African Religion and Healing
In Ghana, the healthcare practices and healing are quite different than what is experienced in the west. Especially in rural areas, there is a great emphasis on traditional methods of healing. The use of herbal medicine and the importance of Shamans as medicine men are examples. While in Ghana, we had the opportunity to visit the Africa First Medicinal Farm and a research facility in Kumasi. These excursions gave me valuable insight into alternative methods of healing and the healthcare aspect of Ghanaian culture.
In Medical Anthropology and the World System, Baer notes that all medical systems focus on alleviating disease and promoting health. In industrial societies, such as in North America, physicians tend to practice medicine without the influence of religion. The interaction of physician and patient is segregated and private. In Ghana, there are two different approaches to medicine and sometimes they both are consulted. In the larger cities, there tends to be a push towards western practices of medicine: large hospitals and western medications. In the rural areas, herbal medicine and religion play a large part in the healing process. Most Africans are proactive with health. Bear notes that tribal societies most often emphasize prevention rather than reaction to a disease. Though this medical system may be foreign to us, it does work to alleviate disease and promote the health of the Ghanaian people it serves. In Africa, many people think that religion and healing often work together to heal.
An example of the intermingling of religion and healing in African culture is with the Gorvodu. Vodu is a West African religious culture marked by spirit possession and trance. The According to Judy Rosenthal in Possession, Ecstasy, and Law in Ewe Voodoo, Gorvodu is a specific Vodu order found in Ghana that is fuelled by memories of slavery where the people believe in spirit possession. Out of this, arise law and a moral code. The Gorvodu strongly believe in the overlap of medicine and religion. They uphold the idea that African life is circular and that all aspects of it are embedded with each other. The medicine man plays a huge part not only in healing, but also in marriage, therapy, and law. Rosenthal herself had an experience with Gorvodu healing. She gives credit for the treatment of her daughter’s sickle-cell anemia to a Gorvodu member, whom she believes treated her daughter’s disease with greater efficacy than western medicine is capable of. She was treated with an indigenous leaf with strong medicinal power.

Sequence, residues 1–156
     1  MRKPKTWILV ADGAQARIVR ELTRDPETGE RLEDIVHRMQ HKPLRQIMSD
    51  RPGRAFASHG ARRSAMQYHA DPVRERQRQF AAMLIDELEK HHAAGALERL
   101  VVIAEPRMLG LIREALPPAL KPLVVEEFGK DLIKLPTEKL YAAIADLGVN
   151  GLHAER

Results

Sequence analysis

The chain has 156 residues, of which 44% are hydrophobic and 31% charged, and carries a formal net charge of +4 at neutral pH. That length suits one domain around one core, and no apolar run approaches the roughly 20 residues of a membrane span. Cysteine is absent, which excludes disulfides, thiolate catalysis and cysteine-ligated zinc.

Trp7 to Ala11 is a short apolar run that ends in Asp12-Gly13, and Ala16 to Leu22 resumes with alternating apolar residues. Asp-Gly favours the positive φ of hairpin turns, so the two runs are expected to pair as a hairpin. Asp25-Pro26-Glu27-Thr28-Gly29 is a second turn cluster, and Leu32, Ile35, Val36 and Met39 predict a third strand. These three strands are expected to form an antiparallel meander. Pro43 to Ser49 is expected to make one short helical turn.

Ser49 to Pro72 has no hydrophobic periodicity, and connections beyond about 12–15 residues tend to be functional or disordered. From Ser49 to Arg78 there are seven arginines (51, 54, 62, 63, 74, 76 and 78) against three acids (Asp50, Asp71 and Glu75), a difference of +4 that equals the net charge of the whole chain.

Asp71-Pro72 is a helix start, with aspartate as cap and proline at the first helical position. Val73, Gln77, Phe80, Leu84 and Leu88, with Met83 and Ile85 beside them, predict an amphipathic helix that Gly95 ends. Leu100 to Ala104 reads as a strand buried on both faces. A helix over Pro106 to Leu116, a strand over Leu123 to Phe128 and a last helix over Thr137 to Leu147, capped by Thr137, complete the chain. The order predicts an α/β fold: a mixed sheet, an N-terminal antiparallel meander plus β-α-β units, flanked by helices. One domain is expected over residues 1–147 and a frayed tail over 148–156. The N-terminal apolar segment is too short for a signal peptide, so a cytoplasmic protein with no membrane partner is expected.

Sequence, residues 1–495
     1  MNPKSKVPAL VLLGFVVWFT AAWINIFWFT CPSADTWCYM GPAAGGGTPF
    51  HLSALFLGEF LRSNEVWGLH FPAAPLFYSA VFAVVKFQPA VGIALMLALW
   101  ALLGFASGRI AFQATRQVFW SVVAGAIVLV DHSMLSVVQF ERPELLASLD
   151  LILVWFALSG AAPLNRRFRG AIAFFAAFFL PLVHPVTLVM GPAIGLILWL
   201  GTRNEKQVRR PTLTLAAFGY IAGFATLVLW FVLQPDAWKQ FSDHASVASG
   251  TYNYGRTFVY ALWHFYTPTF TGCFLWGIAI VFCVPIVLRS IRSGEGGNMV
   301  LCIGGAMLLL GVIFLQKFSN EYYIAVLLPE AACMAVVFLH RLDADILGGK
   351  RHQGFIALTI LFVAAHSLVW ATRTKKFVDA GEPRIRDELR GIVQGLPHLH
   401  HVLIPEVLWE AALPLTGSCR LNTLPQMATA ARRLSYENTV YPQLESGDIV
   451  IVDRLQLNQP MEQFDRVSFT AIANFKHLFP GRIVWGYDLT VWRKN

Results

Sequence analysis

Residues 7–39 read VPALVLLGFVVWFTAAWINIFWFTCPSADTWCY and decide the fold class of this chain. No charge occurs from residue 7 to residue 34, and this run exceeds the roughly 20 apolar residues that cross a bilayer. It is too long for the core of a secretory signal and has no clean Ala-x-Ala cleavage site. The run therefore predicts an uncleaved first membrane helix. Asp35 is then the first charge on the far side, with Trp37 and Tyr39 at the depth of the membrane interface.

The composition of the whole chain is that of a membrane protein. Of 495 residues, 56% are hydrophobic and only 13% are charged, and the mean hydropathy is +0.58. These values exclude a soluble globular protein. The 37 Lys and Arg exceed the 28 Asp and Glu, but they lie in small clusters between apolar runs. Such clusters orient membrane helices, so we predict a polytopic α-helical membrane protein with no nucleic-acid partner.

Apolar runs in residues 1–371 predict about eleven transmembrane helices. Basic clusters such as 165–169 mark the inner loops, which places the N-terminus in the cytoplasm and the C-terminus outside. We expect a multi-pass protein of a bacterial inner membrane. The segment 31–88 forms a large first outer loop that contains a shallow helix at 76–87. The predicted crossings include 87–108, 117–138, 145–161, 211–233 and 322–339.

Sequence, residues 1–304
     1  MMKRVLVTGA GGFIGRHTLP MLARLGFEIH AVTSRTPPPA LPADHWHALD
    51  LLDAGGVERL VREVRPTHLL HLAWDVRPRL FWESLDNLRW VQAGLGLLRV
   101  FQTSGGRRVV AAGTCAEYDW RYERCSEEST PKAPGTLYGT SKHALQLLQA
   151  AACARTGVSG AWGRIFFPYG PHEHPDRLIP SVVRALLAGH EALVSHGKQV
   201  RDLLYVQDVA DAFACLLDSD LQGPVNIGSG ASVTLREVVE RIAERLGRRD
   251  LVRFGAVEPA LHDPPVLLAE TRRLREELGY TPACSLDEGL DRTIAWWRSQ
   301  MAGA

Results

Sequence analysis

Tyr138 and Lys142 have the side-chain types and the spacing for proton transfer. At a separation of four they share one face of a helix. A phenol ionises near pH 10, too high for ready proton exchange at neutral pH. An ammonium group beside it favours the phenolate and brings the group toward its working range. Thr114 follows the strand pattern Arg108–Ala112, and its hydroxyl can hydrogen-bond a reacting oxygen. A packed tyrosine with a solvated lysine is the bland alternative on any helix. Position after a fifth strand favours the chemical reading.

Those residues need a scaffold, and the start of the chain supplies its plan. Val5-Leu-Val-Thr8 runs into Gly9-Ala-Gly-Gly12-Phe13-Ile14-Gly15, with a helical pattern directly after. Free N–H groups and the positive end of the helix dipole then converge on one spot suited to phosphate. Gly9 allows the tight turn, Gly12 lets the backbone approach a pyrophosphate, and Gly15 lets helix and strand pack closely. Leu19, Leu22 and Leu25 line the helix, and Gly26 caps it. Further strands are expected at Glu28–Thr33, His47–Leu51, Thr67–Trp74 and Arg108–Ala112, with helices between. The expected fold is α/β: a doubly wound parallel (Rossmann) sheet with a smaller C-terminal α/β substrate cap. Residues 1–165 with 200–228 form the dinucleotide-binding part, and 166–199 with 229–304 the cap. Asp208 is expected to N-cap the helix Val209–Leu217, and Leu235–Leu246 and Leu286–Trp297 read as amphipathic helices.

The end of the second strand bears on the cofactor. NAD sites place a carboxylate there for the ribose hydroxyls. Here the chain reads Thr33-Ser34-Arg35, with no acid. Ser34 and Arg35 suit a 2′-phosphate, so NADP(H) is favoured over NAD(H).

At the Africa First Medicinal Farm, we had the opportunity to observe many different plants and hear about their medicinal purposes. Many Africans strongly believe in their healing powers. I had a horrible cough that would not go away, and one of the herbalists suggested that I try a root plant. I agreed, and started chewing. It had a very bitter taste but it did alleviate some of the irritation in my throat. I was shocked that a plant could have such potent healing powers! I had never tried herbal medicine in the past, but I’m glad to have experienced it because it opened my eyes to the many benefits of alternative methods of healing that Africans have known about for years.
In Choosing Civility, Forni notes that being inclusive can give one a sense of belonging. It is this idea of inclusivity that the Africans value, which is very evident in their practice of medicine. Religion and healing are not separated. The idea of therapeutic pluralism has strong meaning in African culture. It is the idea that healing is not the result of one action, but many actions and people working together.